10:30pm Thursday Update: Areas along and east of Interstate 39 will have a just a bit more snow as this system is exiting the area. The majority of the Blizzard and Winter Storm Warnings are set to expire at midnight. However, significant blowing and drifting snow, espeically on open and rural areas, will continue through late Friday morning.
5:30pm Thursday Update: Snow has begun to pick back up in Rockford after a bit of a lull. I still expect snowfall totals to be in that 4 to 8 inch forecast in the Forest City, perhaps on the lower end of the spectrum. But totals to the northwest have been observed in the 6 to 12 inch range.
4:15pm Thursday Update: An intense band of heavy snow is now just east of Interstate 39 through eastern Rock, Walworth, Boone, DeKalb, and eastern Lee County. Snowfall reports of up to 9 inches have been reported across northern Stephenson County.
2:30pm Thursday Update: Snow has begun in Rockford and continues in areas along and west of the Rock River. A very heavy ban of snow stretches along the Stateline. Heavy snow will continue to slide east and affect the entire area throughout the afternoon. Wind gusts 40 to 50mph can be expected, with one or two gusts topping 50mph.
12pm Thursday Update: A Blizzard Warning remains in effect for the entire WREX viewing area with the exception of McHenry & Walworth County (where a Winter Storm Warning is in effect). However, we will allexperience blizzard or near-blizzard conditions Thursday afternoon and night. Areas to the west and north of Rockford will pick up the most snow—up to a foot in some spots. In the Rockford metro, the forecast of 4 to 8 inches will continue with isolated higher totals. To the south, snowfall totals will be a bit less in the 3 to 6 inch range.
The wind will begin to howl late this afternoon with gusts up to 50mph. This will create treacherous conditions on area roads, especially in rural and open areas. Travel will likely not be advised this evening.
11pm Wednesday Update:As of Wednesday evening, there are numerous watches and warnings in effect for Thursday’s winter storm. Here’s the rundown:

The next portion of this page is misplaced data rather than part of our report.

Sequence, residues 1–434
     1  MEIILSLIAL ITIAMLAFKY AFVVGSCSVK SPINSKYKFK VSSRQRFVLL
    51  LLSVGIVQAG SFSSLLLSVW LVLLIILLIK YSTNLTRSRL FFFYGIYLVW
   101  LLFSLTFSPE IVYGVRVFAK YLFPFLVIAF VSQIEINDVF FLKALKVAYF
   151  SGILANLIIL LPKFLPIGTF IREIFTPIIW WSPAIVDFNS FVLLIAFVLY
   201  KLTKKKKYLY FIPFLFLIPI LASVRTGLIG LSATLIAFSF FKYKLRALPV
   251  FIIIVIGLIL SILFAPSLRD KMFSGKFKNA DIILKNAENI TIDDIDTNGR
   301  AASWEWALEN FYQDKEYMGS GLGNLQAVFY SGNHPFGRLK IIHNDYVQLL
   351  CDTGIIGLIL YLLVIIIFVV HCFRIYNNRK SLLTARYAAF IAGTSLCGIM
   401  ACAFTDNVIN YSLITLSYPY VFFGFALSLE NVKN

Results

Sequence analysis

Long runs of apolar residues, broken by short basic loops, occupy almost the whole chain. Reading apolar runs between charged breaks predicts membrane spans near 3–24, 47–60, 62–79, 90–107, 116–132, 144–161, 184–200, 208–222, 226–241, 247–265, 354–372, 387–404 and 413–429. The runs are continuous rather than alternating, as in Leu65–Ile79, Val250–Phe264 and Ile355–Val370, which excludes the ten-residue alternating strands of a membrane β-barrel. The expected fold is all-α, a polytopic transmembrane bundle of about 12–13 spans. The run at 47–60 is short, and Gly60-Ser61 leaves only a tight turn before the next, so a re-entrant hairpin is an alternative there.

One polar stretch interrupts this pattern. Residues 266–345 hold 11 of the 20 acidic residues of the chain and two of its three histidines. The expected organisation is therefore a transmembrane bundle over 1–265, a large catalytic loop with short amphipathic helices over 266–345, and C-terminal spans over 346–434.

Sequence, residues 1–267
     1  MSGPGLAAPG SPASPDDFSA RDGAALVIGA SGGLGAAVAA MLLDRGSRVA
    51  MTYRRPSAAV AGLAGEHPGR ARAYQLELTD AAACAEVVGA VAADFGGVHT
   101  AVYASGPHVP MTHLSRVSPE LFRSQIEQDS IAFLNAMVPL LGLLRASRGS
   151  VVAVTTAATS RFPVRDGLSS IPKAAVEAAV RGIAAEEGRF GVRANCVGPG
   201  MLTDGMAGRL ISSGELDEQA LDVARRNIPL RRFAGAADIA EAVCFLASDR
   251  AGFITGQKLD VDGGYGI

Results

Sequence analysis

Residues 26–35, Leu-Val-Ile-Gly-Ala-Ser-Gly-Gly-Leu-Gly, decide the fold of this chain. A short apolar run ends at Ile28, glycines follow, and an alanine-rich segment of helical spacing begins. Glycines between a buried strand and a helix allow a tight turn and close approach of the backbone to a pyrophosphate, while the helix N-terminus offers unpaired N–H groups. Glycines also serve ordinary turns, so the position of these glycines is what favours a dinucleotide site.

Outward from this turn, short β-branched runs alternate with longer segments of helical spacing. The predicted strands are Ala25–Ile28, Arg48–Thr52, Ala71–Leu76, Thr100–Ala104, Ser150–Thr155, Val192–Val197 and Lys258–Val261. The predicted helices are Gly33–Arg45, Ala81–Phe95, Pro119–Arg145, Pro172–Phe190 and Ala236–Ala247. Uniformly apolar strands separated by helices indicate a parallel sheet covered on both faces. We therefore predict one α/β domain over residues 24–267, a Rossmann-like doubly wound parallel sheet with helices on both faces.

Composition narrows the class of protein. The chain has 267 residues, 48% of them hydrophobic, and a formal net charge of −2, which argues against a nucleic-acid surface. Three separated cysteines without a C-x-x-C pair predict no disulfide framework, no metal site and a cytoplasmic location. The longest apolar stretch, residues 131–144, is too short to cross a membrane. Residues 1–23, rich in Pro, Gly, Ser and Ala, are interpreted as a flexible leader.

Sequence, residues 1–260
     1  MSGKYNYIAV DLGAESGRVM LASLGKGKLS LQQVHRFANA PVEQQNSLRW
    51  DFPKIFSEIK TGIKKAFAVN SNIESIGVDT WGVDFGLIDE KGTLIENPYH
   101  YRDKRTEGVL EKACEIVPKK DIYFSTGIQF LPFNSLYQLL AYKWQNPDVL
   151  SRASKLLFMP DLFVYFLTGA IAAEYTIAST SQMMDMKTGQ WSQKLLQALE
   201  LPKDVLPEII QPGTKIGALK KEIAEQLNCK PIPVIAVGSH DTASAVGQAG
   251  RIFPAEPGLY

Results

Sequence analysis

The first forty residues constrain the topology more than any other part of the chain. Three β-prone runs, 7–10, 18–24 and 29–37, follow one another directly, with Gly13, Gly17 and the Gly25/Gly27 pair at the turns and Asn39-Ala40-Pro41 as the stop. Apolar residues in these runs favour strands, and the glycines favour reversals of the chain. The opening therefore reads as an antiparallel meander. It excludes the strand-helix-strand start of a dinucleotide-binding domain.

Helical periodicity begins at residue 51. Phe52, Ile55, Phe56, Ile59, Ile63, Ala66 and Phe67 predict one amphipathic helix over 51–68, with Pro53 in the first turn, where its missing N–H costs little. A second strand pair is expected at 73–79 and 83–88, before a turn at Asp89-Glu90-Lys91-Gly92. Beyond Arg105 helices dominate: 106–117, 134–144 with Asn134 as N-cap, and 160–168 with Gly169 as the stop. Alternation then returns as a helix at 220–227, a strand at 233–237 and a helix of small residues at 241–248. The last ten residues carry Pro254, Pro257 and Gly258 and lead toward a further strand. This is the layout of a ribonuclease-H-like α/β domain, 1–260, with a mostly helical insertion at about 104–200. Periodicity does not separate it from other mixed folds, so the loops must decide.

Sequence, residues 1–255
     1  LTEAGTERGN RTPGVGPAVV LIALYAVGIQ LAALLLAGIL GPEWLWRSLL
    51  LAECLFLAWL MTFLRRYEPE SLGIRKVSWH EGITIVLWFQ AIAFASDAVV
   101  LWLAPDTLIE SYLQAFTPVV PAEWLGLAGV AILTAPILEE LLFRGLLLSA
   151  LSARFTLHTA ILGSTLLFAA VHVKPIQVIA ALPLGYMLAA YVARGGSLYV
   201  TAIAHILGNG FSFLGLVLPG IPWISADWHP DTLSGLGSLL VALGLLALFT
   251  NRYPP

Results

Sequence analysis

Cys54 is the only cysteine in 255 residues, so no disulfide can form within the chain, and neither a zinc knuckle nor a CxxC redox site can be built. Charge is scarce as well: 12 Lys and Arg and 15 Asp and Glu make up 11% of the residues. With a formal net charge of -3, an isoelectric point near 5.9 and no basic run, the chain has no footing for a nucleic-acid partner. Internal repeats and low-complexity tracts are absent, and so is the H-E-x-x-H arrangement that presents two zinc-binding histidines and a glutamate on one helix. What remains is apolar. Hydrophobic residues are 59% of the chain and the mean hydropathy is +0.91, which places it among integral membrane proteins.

A Blizzard Warning is in effect for Jo Daviess County from 6pm Wednesday through 6pm Thursday.
A Winter Storm Warning is in effect for Stephenson, Carroll, and Whiteside County from 6am Thursday through 6pm Thursday.
A Winter Storm Warning is in effect for Winnebago, Boone, Ogle, and Lee County from 9am Thursday through 12am Friday.
A Winter Storm Warning is in effect for DeKalb and McHenry County from 3pm Thursday through 12am Friday.
A Winter Storm Warning is in effect for Green County from 6pm Wednesday through 12noon Thursday. A Blizzard Warning takes effect from 12noon Thursday through 12am Friday.
A Winter Storm Warning is in effect for Rock County from midnight tonight through 12noon Thursday. A Blizzard Warning takes effect from 12noon through 12am Friday.
A Winter Storm Warning is in effect for Walworth County from midnight tonight through 3am Friday.
So what do all of these warnings and watches mean? A significant winter storm will impact the entire region. Some areas are in line to receive more snow while other areas will pick up more rain, limiting snowfall. To the north and west of Rockford, the snow accumulations will be significant. Futher to the south and east of the Forest City, a rain/mix will dominate the forecast. Rockford will be right in the middle, with snow beginning to accumulate by late Thursday morning. However, all locations will eventually see a switch over to all snow. The wind will begin to howl out of the northwest on Thursday afternoon, creating treacherous travel conditions—blizzard or near blizzard conditions. The wind will be sustained between 30mph and 40mph during the afternoon. Wind gusts could top 50mph at times! It will be best to avoid traveling during such hazardous conditions.
Keep an eye on the blog. Chief Meteorologist Eric Sorensen, Meteorologist Greg Bobos, and myself will continue to post new information throughout the duration of our first major winter storm of the 2012-2013 winter season.
This post was written by Joe Astolfi on December 19, 2012